This match took place in WCW on 20th February, 1989. It was the first of the three matches that made up their now legendary trilogy as they fought over the NWA Championship.
This match was presented as working class hero, Steamboat versus entitled private school educated elite, Ric Flair.
This match is an entertaining bout that shows of great wrestling from a different time in the industry. Dave Meltzer rated it as a five star match and Grappl users have rated it as 4.86 with 56 votes.
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It wasn't just a clash in backgrounds as Flair defended his championship against Steamboat, it was also a clash of styles and principles.
Steamboat wrestled a clean match based around impactful strikes and calculated risk. Flair preferred to take an short cut he could create and aimed to use submission to break down his opponent.
In the end the difference between these two men was tight. A 2% gap in offence dealt and neither man able to dominate for long. Ultimately, Steamboat would win via technique and timing as he used a well-place reversal to pin Flair.
This match was a relatively lengthy affair as both men proved a match for the other. The match ended up going 23 minutes and 14 seconds before Steamboat was able to earn the coveted NWA Championship.
This bout contained a plentiful 136 offensive manoeuvres; 67 from Steamboat and 69 from Flair. The pace of the match was a swift 5.8 offensive manoeuvres per minute. The majority of this comes from submission time. (5 seconds of submission time is counted as a manoeuvre, the equivalent of 1 strike).
This match was a titanic struggle for dominance, neither man was in control of their opponent for long. There were 68 tide changes, 2.9 per minute as the competitors exchanged reversals and pin attempts.
Flow of Offence and Tide Changes
Throughout the match, Steamboat was able to string together short bursts of offence but rarely more than a couple moves before Flair reversed or evaded. Flair on the other hand had one notable period of dominance as he punished his opponent with his famous Figure Four Leg Lock.
This match was notable for it's high rate or reversals and pin fall attempts as the two technically savvy wrestlers jostled for superiority. Hence the lack of larch accumulations of offence.
Flair proved his grappling and submission prowess in this match besting Steamboat in these categories. Whereas Steamboat bested Flair in striking ability, reversal ability and dives.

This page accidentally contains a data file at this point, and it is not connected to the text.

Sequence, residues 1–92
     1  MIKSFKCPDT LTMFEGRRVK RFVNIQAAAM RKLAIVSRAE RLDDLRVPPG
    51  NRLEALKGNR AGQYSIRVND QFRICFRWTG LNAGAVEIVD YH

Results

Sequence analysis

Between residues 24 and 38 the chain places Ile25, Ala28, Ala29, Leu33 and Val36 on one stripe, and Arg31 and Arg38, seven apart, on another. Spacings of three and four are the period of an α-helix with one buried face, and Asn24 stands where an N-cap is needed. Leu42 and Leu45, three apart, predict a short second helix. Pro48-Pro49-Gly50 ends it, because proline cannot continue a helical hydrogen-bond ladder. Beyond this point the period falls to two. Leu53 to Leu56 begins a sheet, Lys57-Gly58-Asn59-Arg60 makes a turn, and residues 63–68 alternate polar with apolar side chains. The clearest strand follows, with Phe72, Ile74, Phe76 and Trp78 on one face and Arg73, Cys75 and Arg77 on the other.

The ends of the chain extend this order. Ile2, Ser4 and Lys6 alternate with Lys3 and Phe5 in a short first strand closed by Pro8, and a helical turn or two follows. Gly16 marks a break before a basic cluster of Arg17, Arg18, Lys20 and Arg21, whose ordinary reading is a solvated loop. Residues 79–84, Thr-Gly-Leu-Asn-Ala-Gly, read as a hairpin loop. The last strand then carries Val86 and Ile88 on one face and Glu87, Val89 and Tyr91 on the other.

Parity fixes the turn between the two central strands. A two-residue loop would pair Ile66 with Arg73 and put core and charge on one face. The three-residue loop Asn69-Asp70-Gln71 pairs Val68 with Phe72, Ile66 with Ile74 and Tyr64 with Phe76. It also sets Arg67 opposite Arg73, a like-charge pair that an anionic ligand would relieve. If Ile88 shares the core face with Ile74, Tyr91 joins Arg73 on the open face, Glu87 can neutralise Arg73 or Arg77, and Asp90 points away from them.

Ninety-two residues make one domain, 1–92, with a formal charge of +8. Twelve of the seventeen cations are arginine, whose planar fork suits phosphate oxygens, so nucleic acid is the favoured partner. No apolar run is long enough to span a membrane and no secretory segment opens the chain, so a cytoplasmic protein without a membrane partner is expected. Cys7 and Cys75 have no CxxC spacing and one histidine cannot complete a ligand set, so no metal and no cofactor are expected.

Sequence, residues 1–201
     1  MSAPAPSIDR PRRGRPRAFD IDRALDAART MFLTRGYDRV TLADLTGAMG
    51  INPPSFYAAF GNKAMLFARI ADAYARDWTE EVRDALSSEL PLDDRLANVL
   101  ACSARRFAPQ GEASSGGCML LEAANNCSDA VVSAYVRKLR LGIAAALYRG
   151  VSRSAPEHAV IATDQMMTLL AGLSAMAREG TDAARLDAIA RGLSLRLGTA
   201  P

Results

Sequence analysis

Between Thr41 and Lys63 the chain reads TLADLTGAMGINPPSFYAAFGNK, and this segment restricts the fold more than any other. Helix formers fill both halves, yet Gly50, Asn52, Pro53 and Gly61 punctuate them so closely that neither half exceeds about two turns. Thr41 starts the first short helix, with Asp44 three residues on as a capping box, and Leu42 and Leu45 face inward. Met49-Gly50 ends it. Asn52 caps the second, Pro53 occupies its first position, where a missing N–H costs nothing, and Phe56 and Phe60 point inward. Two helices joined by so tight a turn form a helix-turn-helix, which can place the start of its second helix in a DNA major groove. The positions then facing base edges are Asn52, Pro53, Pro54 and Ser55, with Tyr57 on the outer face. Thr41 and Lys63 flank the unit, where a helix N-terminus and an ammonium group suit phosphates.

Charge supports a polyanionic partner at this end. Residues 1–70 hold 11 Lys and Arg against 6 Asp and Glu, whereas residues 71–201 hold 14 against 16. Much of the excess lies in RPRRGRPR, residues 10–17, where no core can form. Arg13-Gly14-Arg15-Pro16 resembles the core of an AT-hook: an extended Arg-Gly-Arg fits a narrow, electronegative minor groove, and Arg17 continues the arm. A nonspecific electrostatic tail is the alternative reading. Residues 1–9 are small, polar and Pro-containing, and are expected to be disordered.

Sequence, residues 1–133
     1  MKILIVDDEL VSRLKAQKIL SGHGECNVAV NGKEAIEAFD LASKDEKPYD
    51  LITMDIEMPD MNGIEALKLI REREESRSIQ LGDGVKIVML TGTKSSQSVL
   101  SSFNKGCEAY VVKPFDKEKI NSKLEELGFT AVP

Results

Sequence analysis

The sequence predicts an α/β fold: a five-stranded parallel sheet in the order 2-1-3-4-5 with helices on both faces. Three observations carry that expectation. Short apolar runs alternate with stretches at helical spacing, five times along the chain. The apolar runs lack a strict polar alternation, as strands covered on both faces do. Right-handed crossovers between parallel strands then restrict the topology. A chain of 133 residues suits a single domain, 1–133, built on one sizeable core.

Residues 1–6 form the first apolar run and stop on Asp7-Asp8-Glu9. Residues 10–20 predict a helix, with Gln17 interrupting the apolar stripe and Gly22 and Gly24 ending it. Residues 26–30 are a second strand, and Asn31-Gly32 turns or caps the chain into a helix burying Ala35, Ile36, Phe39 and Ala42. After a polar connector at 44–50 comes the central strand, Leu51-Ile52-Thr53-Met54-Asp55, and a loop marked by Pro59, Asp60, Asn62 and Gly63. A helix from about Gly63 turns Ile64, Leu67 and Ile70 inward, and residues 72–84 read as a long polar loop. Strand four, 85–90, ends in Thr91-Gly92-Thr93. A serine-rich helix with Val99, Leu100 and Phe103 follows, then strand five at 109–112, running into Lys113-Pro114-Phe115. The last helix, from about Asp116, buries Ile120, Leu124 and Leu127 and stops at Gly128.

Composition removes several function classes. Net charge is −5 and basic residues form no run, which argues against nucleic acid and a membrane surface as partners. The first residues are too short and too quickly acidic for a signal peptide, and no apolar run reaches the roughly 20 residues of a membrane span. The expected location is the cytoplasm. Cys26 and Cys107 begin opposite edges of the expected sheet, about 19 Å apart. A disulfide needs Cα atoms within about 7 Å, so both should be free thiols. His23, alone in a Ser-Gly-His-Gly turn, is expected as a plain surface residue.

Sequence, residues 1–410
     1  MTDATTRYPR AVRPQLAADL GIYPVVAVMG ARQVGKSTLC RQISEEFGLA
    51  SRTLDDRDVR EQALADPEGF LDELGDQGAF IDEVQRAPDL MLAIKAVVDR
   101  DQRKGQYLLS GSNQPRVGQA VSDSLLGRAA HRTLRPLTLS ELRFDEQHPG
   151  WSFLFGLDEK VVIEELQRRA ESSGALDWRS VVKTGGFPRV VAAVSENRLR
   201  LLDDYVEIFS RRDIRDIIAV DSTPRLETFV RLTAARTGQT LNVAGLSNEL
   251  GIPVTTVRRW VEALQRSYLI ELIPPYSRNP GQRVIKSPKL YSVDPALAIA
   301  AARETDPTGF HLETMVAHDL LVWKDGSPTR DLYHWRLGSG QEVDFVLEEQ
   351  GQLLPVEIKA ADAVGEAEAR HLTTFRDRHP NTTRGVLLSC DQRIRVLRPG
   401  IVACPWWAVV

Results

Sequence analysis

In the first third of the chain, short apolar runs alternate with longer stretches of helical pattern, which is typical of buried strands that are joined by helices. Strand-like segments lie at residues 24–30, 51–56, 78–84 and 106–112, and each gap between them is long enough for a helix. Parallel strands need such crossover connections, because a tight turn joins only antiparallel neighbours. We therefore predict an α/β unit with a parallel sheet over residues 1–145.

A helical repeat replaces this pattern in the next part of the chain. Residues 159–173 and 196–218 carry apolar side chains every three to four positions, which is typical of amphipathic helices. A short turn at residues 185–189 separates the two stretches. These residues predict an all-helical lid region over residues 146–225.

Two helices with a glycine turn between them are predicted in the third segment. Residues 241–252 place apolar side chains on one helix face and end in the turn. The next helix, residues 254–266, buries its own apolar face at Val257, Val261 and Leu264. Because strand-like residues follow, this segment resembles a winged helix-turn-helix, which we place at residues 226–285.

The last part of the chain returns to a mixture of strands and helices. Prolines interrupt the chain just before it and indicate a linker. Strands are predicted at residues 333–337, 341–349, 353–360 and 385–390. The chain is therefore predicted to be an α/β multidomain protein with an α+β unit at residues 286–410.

Flair's desperation to win was characterised by the fact he made 6 more pin attempts than Steamboat.
Flow of Offence - Periodised
Diving a bit deeper now, we see Steamboat was worn down by Flair's grinding offence over the course of the match but recovered to pick up the win. On the other hand Flair peaked before fading as Steamboat recovered.
The first five minutes of this match saw Steamboat repeatedly get the better of Flair and saw Flair get more and more frustrated as he was knocked down time and time again.
The second five saw a striking battle before Steamboat, again, took control via grapples and submission.
The third five saw more back and forth, a string of almost desperate pin attempts from Flair before he was able to cinch in the Figure Four.
This hold went into the fourth five before Steamboat was able to escape. Another strike-battle ensued before Flair took advantage again via dirty tricks before going for no fewer than 8 pin fall attempts. Many of these involved his feet on the ropes...
The last five minutes of the match saw a reversal of momentum. Steamboat started to land more strikes, took to the sky and eventually out-foxed Flair to pick up the win.
Time in Control of the Contest
The reversals came thick and fast in this match up! To be considered in control of your opponent, you have to land a series of strikes without reply or hit two big moves. This rarely happened.
Flair was able to disrupt Steamboat's momentum so much that the victor was only in control of his opponent for 57s! Less than 1 of the 23 minutes.
Flair on the other hand controlled Steamboat for a quarter of the match. He did gain this advantage, often, by nefarious means. A lot of this time was characterised by Flair subjecting Steamboat to submission holds.
This match contains one of the, if not the, best wrestlers of all time. Seeing him wrestle at his peak is an attraction in itself.
The action does hold the attention of a millennial, such as myself. There is enough story and theatrics alongside technical skill, so that the more advanced performances of today doesn't undermine it completely.
This is a good match, it was a great match in it's time. I enjoyed watching it. It was interesting, well-performed, lengthy and had a satisfying finish.
It made me want to watch the other two matches in the trilogy!